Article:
remote work

8 Books and podcasts that will help you build your remote business

It's taken me a long time to admit that I'm a read-about-it-first learner. I've always admired tactile learners, who learn by just jumping into things and figuring them out as they go. I, on the other hand, find that stressful and decidedly un-fun. When I want to learn something completely foreign to me, it comforts me to hear stories about how other people have done the thing I want to do. I'll read every book, article and listen to every story about the thing that interests me until I feel ready to make an educated move. Colleagues and friends often comment on how decisive I am to take action. In reality, I take quick action on new projects because I've secretly spent weeks or months researching the best way to move forward.  

Are you like me? If you are, I've pulled together the list of books, articles and podcasts that I used to teach myself how to logistically convert my skills into a business, manage finances and otherwise figure out how to pay for my adventuring.

What do you love that I'm missing here? I'm always looking for new things to dig into! 


I'm fully aware that starting this list off with Tim Ferriss' classic is a cliche, and since I hate being a cliche, I waited YEARS to read this book. Don't be like me. If nothing else, swallow whole the message of working smarter, not harder, and start thining about ways to outsource your life. The mental calculus of how much time I was spending on small tasks that were keeping me from doing big things vs. paying someone else to do them for me was a game-changer and allowed me to build up my personal projects and business while maintaining a day job. 

Berkun's breakdown of his year working at the distributed tech company, Wordpress, is an excellent primer for remote work technologies and structures, especially if you already or want to work closely with other team members. His breakdown of holocratic work structures and rules for asynchronous work management are thought provoking and worth a read, even if you're an IRL manager. This book is best for people who have to keep working and managing people on the road, but definitely a peek in to the future of work for anyone who's curious. 

Part memoir, part Pixar business manual, I found this book an essential guide to building a business where employees have autonomy and a sense of self-fulfillment that will allow bosses to step back and be more hands off. 


There's a podcast for literally every interest. I find podcasts about business-building, marketing and detailed descriptions of how people financially have made big things happen totally engrossing. I am, however, allergic to the sound of loud bros and gushing women, who oddly make up a large contingent of this kind of podcast. There isn't much middle ground between "get off your ass" and "reach your dreams!" so what you listen to comes down to your personal tolerance for those kinds of diatribes.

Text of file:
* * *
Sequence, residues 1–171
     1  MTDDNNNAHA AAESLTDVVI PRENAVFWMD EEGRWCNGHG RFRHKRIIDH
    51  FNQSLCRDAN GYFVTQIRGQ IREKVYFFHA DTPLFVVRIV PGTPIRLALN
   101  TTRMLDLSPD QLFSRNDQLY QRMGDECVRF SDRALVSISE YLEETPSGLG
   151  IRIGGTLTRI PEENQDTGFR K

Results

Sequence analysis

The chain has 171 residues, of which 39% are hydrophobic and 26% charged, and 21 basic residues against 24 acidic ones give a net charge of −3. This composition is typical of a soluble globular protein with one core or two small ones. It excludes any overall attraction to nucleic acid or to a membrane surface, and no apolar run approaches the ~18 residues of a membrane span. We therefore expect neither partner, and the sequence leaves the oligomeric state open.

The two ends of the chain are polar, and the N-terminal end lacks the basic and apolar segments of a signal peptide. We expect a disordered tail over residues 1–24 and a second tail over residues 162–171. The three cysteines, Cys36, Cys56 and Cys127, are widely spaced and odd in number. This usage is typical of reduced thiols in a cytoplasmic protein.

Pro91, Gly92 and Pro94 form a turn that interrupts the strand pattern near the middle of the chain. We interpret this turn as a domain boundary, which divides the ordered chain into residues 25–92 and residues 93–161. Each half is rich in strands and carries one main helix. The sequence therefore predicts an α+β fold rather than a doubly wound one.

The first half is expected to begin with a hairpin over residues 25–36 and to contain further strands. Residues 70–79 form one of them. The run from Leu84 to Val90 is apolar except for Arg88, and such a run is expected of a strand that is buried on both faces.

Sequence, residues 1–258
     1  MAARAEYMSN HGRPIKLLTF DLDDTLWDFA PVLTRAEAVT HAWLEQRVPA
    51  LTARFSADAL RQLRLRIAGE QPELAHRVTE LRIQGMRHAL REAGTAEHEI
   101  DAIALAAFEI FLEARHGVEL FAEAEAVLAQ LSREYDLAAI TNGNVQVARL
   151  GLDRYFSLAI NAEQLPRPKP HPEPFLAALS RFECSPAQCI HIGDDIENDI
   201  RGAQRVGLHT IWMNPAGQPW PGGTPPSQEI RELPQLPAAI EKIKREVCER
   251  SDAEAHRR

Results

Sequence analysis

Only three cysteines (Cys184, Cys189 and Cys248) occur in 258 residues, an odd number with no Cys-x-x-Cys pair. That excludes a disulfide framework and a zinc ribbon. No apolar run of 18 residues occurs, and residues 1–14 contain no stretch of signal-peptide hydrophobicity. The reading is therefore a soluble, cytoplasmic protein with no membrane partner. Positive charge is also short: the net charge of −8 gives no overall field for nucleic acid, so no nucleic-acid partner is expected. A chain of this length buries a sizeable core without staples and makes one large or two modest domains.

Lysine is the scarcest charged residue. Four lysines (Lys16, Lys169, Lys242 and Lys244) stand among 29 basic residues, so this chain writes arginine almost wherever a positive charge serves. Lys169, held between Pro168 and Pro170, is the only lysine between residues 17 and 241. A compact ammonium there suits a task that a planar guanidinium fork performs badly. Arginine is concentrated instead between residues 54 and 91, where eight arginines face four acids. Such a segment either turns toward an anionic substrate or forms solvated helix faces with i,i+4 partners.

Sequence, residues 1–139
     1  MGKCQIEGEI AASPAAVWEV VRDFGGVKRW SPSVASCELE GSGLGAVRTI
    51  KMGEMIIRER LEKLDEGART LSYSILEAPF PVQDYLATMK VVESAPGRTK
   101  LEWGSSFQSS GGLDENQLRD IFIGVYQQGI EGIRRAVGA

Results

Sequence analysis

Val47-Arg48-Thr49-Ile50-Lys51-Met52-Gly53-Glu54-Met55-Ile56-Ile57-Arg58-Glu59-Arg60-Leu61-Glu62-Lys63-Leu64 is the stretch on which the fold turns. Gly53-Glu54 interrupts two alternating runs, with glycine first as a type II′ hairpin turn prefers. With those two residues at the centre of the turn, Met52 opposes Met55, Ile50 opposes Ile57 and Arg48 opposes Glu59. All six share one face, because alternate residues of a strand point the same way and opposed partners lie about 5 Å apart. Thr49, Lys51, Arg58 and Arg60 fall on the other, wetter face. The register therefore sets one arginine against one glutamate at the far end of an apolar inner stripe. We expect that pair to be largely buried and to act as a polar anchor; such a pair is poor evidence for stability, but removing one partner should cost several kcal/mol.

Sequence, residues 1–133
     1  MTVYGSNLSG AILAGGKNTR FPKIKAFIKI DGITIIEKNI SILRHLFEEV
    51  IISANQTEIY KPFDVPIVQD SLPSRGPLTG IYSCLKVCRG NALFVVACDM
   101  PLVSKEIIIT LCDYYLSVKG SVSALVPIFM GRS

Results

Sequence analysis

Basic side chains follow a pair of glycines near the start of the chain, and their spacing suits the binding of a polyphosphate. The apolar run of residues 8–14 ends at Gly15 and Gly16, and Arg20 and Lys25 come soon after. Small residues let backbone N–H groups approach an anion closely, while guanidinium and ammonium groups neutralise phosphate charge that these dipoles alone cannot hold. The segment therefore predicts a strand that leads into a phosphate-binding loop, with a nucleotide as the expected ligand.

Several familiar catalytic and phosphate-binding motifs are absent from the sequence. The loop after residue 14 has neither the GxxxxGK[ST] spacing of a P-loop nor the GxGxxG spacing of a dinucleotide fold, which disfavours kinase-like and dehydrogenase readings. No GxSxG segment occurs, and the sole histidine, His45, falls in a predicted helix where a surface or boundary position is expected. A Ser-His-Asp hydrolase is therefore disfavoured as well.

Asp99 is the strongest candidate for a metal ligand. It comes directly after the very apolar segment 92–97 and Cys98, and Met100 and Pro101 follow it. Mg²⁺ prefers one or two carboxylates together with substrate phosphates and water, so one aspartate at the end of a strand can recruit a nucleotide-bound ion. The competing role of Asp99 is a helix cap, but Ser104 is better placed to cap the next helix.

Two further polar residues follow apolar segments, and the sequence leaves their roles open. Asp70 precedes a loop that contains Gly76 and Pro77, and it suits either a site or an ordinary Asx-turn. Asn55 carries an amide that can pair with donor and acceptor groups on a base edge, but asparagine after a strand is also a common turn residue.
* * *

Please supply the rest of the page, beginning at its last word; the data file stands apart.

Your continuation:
Pat Flynn's Smart Passive Income

Ultimately, the goal of working while traveling is always in some part to increase passive income, so that you can spend more time doing what you want... even if that's working on something else. Pat Flynn has a weird, nichy empire built on the topic, and I found his podcasts to be interesting, well-edited and without the hyperbolic broeyness of many of his counterparts. He has a blog as well, but I preferred to listen to his interviews with business owners. Start with his three-part intro series and then go from there -- the people he interviews all basically have taken his advice and adapted it to the things that they're good at. I love the frank money discussions here, which really break down where to spend your time per dollar.  

Sail Loot

Specific to sailing in content, but helpful for working while adventuring in general, Sail Loot interviews cruisers on the gory financial details of what it took to ship off with cash in the bank. Part financial podcast, part gossip fest with bloggers whom many cruisers may recognize, the podcast is useful in the way that it shows a hugely wide variety of ways people have gotten to their lives aboard. For some people it took a year, for others it took 20. I give a lot of credit to podcast host, Teddy, who's trying to set sail himself, and thusly asks crazy specific financial questions of all his guests. 

The Sailing Podcast

Not a financial blog, per se, The Sailing Podcast is basically an open space for hosts David and Carina to have long, winding conversation with people who have sailed the world. By default, those conversations often devolve into "but how can you afford it" territory. It's a fun listen for the wild yarns. 

Keep Your Daydream

In this sometimes winding podcast, adventurers of all kinds are interviewed about their crazy life stories leaving behind 9-5 jobs and how they were able to afford doing so. I appreciate the broad array of guests but take note that the podcast tends to be heavy on the inspirational takeaways. 


Perhaps the most well-known of the trying-to-make-it podcast set, Startup chronicles a journalist's effort to break into the startup tech industry. While not directly applicable to funding a way to escape, it's a solid introduction into the startup universe if you've never worked in it.